DETROIT LAKES — There are plenty of legendary people at the WE Fest grounds campsites during the three-day country music festival. Some are known for offering friendship and a refreshing drink, entertaining games, and others go to great lengths to decorate their campsite.
Midland Publishing Campground is perhaps one of the most famous, as it offers the trifecta of WE Fest camping essence.
Mike and Betty Sipe, owners of Midland Publishing of Milbank, SD, arrive well before the festival begins. Before any camping gear is brought to the site, the area is mowed, weeded and insect sprayed.
A few days later, the family returns with campers, tents, a bar, tables and a spectacular sound system in tow. On Wednesday, several motorhomes were cordoned off like a train of wagons to provide a private party area. An entrance to the party area was located under a canopy strung with lights. A faux grass carpet led visitors to a central hub. In the center, tables with picture books about WE Fest traditions from years gone by invited strolls down memory lane.
Sipe’s WE Fest journey began almost 20 years ago. A friend had extra tickets for the county music festival – which started in 1983 with around 9,000 people in attendance.
When Sipe and his family first attended WE Fest in the early 2000s, more than 100,000 people camped there and attended concerts there — with a maximum of 50,000 in the concert bowl, according to a co-owner of the WE Fest at the time. The laid-back atmosphere, all about bonding and fun, was just the summer getaway Mike could see his family and friends taking for years to come.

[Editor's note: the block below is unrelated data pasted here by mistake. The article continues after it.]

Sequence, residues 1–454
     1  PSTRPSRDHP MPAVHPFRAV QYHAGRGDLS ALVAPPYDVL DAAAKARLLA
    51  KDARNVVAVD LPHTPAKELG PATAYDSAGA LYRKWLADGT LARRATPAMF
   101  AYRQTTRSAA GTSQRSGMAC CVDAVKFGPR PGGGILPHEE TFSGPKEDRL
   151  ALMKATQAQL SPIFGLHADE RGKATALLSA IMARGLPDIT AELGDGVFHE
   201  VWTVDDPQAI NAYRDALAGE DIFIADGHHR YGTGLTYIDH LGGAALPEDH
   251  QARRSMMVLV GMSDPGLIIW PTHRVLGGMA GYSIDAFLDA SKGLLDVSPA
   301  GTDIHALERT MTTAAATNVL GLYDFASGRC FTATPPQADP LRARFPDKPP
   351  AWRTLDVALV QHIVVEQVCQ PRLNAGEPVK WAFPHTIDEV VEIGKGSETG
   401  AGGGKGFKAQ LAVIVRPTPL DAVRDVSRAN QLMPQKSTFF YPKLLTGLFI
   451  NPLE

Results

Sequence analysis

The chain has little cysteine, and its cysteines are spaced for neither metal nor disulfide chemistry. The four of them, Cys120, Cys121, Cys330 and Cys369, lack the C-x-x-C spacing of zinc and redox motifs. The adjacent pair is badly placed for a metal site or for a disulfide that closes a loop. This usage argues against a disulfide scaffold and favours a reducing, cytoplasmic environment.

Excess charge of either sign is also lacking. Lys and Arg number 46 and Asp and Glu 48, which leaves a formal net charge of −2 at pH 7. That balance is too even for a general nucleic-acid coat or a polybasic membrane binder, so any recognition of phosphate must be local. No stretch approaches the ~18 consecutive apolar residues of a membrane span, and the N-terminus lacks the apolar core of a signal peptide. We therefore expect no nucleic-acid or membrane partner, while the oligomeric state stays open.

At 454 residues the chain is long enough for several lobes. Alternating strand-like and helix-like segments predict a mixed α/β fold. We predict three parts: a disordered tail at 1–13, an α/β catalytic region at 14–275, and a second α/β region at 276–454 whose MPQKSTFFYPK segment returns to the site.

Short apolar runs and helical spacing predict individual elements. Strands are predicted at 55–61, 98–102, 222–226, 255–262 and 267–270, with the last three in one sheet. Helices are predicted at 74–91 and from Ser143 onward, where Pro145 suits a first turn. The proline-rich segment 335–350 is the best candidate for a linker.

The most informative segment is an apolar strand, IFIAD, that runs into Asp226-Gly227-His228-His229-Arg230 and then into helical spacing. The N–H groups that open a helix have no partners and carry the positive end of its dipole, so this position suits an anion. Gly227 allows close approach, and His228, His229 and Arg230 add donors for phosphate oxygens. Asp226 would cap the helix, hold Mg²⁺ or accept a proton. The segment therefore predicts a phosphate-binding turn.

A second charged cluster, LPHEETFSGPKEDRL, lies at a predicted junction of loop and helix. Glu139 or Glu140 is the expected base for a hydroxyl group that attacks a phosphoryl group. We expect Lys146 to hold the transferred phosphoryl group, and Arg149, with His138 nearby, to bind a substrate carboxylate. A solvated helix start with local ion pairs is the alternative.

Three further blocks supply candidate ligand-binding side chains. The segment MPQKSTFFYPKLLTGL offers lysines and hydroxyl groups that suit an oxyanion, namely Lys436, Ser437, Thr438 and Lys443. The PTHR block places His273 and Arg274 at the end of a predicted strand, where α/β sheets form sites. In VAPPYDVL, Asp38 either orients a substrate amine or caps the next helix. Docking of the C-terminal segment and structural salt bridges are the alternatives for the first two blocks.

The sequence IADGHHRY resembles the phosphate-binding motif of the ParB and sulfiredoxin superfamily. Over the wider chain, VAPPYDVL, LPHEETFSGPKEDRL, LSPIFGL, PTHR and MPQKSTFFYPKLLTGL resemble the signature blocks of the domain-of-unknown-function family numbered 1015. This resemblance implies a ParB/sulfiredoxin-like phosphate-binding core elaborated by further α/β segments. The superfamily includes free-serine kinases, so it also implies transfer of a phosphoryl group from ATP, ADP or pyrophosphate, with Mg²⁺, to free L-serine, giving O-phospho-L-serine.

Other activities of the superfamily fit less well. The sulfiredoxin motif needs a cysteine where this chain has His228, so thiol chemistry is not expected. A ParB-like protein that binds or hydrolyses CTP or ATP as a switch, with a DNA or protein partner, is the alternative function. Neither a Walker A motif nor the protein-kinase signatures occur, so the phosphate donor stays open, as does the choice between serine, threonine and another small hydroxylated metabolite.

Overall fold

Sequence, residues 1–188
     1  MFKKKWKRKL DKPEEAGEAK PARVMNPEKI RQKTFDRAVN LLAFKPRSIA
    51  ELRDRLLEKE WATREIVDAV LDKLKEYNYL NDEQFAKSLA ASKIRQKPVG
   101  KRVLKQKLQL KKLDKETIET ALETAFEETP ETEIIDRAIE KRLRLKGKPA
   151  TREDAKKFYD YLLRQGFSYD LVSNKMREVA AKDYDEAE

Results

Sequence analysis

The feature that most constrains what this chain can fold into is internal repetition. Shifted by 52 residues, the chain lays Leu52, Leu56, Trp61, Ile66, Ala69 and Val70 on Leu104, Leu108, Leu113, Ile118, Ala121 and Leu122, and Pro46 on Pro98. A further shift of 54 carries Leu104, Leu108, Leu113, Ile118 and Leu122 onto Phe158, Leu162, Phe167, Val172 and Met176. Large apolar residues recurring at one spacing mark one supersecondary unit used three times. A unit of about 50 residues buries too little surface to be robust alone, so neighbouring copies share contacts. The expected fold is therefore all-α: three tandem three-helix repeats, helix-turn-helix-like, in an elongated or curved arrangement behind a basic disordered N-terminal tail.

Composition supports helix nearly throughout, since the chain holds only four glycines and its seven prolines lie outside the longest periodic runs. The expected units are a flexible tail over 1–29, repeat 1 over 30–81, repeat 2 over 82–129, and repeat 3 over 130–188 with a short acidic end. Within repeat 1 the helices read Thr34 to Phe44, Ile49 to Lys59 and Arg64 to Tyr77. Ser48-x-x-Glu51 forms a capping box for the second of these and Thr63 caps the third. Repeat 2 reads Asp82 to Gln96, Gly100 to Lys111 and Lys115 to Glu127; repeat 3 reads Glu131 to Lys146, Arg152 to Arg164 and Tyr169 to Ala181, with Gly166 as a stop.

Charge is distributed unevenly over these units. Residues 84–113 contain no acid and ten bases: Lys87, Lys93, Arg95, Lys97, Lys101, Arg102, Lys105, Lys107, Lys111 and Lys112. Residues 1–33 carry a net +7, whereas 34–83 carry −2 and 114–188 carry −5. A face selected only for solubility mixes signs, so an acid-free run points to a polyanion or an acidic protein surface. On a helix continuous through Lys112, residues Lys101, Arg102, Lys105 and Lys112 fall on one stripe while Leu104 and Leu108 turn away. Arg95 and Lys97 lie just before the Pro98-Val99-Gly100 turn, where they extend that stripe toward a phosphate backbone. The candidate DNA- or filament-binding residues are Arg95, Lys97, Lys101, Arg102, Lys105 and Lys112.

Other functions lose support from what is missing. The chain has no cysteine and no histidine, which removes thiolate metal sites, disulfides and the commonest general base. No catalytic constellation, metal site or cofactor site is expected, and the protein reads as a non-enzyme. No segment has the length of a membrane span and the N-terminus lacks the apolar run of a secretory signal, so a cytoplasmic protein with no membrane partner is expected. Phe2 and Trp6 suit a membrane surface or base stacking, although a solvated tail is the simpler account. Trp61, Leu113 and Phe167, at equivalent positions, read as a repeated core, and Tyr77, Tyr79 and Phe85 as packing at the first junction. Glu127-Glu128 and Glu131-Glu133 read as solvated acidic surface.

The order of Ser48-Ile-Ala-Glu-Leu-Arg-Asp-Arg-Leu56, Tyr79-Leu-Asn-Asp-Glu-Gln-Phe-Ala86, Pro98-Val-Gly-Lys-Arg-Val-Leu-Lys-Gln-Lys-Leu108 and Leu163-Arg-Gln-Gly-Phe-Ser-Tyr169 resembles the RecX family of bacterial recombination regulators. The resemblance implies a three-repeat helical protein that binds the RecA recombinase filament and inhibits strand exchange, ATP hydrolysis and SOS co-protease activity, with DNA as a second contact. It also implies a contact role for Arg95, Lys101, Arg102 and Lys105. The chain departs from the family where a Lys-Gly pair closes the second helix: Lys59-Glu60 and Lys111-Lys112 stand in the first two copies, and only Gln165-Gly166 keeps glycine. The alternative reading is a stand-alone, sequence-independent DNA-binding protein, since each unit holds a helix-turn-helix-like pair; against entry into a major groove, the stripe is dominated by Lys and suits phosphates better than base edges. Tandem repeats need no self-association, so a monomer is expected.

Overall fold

“I had such a good time that I became a sponsor,” he said, adding that he had a small RV area near the backstage access area. “At first we had three campers, now we have 21. Family, friends and clients all come with us to WE Fest.”
The Midland Publishing team brings on average between 70 and 120 people to the festival.
“This year we have 75,” Mike said.
There was a short period when the Sipes moved away from the music festival. However, when he heard chief executive Mark Bjerke take over the leadership role, that alone was a reason to relaunch the country once again.
“Mark is just awesome,” said Sipe. “He’s easy going and throws a great event.”
Upon his return, Mike was happy to see that some familiar faces had returned to work at the event. He noted that he got to know many of them over the years.
His wife added that, for them, the festival is tantamount to pleasure and an opportunity to strengthen the ties that bind families and friendships. These bonding moments usually happened in one of the two wings of Midland Publishing’s campground.
The east wing offered a canopy-covered seating area and a sound system ready for country music big name tours, complete with fog machines and laser lights.
“One year LoCash plugged in and played,” Betty said.
Madisen, Sipe’s 28-year-old daughter, recalled the night before the LoCash campground concert, a storm blew in and “flattened the tents.” The next morning, campers from Midland Publishing rebuilt the campground.
Their 32-year-old son, Nick, estimated that more than 40 people had worked together to restore the campsite to its former glory. The teamwork was rewarded later in the evening with a visit from the popular country singer.
“There were maybe 300 or 400 people here for this gig,” Mike said. “It was great.”
The West Wing of Midland Publishing Campground features a play tent, more tables, and a family bar built from a red cedar tree. Mike said many stories of WE Fest adventures were shared at the bar, as well as times when two friends finally got together to share their life stories. While half the heart of WE Fest is the big concerts, building relationships and having fun at the campgrounds is the other half.